March 2014
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Tuesday, March 18, 2014

Studying at the Sorbonne: The Costs

I’ve been getting a few messages from prospective students around the world about studying at the Sorbonne. It’s exciting and terrifying to hear from people just starting their journey, and I can imagine all of the questions they have. Essentially my memory of starting at the Sorbonne in 2010 was one giant question mark over my head.

How will I make ends meet? Will I understand the professors? Will the work be too hard? Am I too old? Am I too experienced? Am I not experienced enough? What will I WEAR?

Here I am, over three years later, still making it, trudging away at my doctorate. For those just starting in the undergrad or masters programs, however, there is of course much advice I could give you. So I will. While I love to answer questions via email, I want to make some information instantly handy, so hopefully you’ll find some answers here regarding practical information for the Universit√© de Paris system (note: I am no expert at all on the Grandes Ecoles, like ENS and Sciences Po, but a lot of the same info will apply).

If you have burning questions, or themes you’d like covered, let me know! But why not start with the most pressing: money. Students can work the equivalent of 20 hours a week, which doesn’t amount to much if you’re making 8-10 euros per hour. Don’t rule out other student jobs, like tour guiding for backpacker groups or looking for a paid internship (good luck!), but whatever the case may be, there are a few notes to keep in mind.

Student life can be rough in a city known as one of the most expensive in the world, but fear not. Money woes need not prohibit studying in Paris if you know what you’re doing…

Monday, March 10, 2014

Reburying Hidden Gems: On Travel Writing Sloth


...and this one!
Check out this gem...
























Who isn’t a travel writer these days? With so many blogs, websites, books, magazines, and other publications out there, everyone and his (or her) uncle can write about travel. The general requirement isn’t a degree in journalism or even expertise in, well, writing. Mostly anyone who goes somewhere and does something can write about it as an expert (or “expert” if you will). But even that’s not a given anymore. Am I complaining? Not at all. Multiple points of view are, plainly speaking, awesome.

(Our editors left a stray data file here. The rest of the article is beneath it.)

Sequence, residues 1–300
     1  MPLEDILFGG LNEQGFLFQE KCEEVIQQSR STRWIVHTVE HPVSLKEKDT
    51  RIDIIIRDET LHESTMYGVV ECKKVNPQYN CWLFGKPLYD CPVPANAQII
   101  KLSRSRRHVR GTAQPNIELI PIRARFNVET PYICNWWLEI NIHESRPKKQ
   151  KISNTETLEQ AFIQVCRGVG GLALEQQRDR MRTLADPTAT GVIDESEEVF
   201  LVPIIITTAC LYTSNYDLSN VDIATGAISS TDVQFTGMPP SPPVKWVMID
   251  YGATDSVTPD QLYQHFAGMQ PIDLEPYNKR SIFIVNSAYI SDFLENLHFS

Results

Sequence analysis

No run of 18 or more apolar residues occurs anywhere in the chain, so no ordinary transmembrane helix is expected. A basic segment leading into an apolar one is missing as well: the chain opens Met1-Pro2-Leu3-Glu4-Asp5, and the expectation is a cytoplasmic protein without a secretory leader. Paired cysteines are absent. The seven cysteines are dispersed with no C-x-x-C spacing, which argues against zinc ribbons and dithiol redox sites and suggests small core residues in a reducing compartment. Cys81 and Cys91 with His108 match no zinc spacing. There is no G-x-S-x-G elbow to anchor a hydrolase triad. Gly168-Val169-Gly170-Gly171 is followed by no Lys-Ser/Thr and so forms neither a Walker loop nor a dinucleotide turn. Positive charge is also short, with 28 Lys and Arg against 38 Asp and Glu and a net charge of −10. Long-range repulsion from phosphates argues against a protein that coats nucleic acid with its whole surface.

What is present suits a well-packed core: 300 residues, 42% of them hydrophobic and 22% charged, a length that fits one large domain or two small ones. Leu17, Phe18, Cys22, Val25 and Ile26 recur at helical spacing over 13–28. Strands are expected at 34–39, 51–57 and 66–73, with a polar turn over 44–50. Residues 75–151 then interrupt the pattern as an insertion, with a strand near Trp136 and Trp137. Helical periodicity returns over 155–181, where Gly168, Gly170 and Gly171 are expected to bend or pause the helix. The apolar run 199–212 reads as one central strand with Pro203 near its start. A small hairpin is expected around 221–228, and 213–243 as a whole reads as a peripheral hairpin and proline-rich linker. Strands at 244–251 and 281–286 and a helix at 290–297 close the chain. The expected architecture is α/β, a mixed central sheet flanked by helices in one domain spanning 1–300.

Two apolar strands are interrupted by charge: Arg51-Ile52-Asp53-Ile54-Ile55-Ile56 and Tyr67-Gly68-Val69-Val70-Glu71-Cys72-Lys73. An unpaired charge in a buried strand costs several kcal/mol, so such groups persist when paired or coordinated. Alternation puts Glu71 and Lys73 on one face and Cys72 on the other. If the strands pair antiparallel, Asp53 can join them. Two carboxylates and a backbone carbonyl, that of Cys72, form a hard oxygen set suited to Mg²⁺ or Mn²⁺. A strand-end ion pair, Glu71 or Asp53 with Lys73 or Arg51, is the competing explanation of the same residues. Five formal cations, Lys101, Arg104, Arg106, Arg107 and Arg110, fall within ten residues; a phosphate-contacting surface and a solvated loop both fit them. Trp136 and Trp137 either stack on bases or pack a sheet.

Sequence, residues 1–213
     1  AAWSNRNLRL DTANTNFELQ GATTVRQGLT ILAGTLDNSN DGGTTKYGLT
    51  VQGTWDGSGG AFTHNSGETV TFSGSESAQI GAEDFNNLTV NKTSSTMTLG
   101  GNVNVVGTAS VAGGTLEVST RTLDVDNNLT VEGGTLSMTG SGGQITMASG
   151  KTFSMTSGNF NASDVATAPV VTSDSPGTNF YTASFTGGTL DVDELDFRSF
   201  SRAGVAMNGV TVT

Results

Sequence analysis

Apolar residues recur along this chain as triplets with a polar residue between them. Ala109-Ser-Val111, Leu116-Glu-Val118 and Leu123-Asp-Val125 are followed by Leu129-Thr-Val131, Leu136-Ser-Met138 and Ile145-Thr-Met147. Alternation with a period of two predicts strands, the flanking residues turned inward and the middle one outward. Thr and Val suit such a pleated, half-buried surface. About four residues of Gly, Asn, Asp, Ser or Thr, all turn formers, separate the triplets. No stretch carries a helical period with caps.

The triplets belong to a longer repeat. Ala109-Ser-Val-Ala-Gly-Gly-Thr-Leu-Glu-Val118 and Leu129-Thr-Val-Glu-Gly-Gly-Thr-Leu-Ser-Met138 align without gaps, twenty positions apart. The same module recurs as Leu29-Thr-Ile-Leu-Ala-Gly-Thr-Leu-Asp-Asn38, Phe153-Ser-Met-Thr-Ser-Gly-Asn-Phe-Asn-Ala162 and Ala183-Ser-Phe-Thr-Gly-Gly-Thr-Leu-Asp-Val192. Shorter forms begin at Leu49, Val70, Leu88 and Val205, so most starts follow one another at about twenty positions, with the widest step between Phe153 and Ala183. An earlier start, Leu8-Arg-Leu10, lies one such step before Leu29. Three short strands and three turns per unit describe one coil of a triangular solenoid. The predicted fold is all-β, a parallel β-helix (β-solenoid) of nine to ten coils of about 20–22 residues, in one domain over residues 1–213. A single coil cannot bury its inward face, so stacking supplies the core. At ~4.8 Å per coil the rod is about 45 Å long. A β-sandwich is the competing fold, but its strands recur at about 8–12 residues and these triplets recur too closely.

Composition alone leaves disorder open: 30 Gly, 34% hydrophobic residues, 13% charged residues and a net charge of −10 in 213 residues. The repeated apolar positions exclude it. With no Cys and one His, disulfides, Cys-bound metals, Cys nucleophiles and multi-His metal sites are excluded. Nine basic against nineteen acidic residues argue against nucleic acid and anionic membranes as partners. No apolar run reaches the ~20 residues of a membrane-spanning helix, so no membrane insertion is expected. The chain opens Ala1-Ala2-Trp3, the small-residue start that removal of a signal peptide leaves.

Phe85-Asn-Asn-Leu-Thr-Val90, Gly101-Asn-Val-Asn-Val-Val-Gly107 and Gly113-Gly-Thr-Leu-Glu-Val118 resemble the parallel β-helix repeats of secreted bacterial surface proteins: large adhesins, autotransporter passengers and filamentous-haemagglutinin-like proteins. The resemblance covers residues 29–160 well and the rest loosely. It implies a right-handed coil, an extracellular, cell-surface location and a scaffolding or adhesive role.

Destination writing, however, is often as much about getting clicks on a website or getting invited to press events as it is about sharing information and helping our your fellow traveler. Whether it’s a blog, a tweet, or a thoroughly-researched in The New York Times, travel writing has exploded with social and other online media, and few of us can remember what it was like in the days when guide books were the only recourse. Ah the simpler times...

But all of this potential and power has made travel writers, dare I say it, lazy. While updating a travel guide recently, I think my track changes feature on Microsoft Word was about to blow a fuse. Aimless litanies of useless information, adjectives like “great” and “nice” splattered everywhere, and passages written by someone who doesn’t have a solid command of Paris geography (let alone the English language) were feeling my wrath.

Tuesday, March 4, 2014

First Paris Half Marathon: The Recap

Barreling down Rue de Rivoli, crowds on all sides, darting my way in and out of runners from Mexico and South Africa, I didn’t feel nearly as fresh as the last time I ran this stretch during the first few kilometers of the Paris Marathon in 2013. Instead, I was more than halfway through the 2014 Semi-Marathon, huffing and puffing my way against the clock.

The goal? Ideally, 1 hour and 40 minutes, but I was content with anything under 2 hours. It would be a first. The record for the course was 59 minutes and 44 seconds, so my goal was a modest one at best.

Joined by 40,000 runners, I left the Bois de Vincennes feeling good. Really good. Having binged on Rice Krispy treats the day before (gluten free!), I felt full of energy. Training had gone well, the sun was shining, and I had already gone to the little boys’ room three times (once on the fence right by the starting line -- your welcome, onlookers). Things were looking up.